The GII 2013 report clearly indicates the local dynamics of innovation that create the nexus of the innovation ecosystems in developed and developing countries is fundamental to the development of national systems of innovation.
Within these local “hot beds” of innovation, there is considerable support for the interplay between different actors in the innovation ecosystem very much along the multi-helix system of innovation where public, private, academia and civil society actively engage to produce local innovative solutions for local challenges.
In addition, within these local innovation ecosystems the interplay of different actors, the transfer of tacit knowledge and deeper cooperation and trust generated within critical relationships to share and impart knowledge and co-create technology solutions is vital.
The GII 2013 also concentrates on the local dynamics of innovation and particularly around the creation of hubs.
These hubs serve as innovation growth points and focus on the local interaction between innovation catalysts and also share some insight into regional growth patterns.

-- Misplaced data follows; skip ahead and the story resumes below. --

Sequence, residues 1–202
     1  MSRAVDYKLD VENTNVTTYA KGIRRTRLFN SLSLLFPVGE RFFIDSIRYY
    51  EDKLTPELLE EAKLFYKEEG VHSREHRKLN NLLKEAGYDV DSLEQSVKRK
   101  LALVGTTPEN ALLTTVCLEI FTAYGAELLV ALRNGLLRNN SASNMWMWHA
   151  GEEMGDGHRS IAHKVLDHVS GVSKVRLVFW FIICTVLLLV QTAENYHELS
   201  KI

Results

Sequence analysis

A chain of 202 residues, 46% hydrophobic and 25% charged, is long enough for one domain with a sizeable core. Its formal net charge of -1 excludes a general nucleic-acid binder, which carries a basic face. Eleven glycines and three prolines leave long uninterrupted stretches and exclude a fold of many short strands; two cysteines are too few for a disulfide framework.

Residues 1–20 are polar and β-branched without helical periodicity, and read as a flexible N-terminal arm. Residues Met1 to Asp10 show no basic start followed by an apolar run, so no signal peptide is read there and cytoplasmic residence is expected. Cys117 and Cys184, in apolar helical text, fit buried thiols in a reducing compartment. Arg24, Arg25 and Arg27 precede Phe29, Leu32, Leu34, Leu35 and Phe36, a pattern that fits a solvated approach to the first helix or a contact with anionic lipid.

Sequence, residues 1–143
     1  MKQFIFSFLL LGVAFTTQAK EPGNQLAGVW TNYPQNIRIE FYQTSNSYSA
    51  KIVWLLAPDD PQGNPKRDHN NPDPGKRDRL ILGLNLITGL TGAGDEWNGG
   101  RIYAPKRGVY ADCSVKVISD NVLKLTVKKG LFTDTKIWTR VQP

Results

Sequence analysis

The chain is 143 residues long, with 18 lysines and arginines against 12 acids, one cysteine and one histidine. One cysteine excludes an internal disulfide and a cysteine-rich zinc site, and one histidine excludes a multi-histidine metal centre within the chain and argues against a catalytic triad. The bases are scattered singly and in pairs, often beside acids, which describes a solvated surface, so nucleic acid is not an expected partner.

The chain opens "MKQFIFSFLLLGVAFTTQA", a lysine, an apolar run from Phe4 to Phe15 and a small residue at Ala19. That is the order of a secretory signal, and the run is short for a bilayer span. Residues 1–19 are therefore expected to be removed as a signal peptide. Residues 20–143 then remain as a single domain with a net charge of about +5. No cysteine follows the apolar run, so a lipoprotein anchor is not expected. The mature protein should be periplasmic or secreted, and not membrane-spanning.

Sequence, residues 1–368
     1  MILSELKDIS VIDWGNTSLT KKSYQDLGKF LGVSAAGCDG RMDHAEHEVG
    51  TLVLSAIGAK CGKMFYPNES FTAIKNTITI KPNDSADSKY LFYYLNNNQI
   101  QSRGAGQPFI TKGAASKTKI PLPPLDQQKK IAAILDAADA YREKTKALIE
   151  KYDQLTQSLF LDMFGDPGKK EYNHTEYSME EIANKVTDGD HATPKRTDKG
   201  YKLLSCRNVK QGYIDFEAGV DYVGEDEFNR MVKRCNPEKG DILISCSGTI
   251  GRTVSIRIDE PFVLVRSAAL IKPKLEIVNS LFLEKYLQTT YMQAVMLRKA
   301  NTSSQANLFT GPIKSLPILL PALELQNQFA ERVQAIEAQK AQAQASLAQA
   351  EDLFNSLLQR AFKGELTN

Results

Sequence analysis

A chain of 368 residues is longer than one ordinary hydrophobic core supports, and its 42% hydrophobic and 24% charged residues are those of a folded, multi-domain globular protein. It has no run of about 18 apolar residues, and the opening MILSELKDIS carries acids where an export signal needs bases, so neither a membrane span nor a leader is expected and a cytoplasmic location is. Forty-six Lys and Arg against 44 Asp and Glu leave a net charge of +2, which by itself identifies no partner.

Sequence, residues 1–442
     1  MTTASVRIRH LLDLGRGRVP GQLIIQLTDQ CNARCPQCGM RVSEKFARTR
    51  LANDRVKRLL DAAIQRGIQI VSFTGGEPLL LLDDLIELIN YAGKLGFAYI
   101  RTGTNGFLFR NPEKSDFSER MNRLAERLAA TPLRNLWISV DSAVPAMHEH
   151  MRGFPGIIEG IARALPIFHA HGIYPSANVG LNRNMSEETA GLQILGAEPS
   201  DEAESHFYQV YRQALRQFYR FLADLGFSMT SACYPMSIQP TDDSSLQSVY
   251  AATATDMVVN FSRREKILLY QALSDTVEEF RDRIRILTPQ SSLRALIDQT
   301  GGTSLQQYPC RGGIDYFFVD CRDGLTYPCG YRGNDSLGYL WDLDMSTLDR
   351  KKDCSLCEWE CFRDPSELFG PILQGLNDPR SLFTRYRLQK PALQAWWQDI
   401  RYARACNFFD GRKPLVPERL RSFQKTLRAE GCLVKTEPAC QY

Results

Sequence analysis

Innovation hubs have been demonstrated successfully in Silicon Valley, in Europe, in South Korea and China to provide the perfect convening point and a catalyst for innovative activities, and form one part of the ecosystem.
These hubs serve as the focal point for innovative activities and idea generation, development and commercialisation.
These robust ecosystems also provide a support network for emerging technology based companies that flourish, generate more investment into new products and research in groundbreaking emerging technology areas, attract more people into the ecosystem and stimulate entrepreneurship.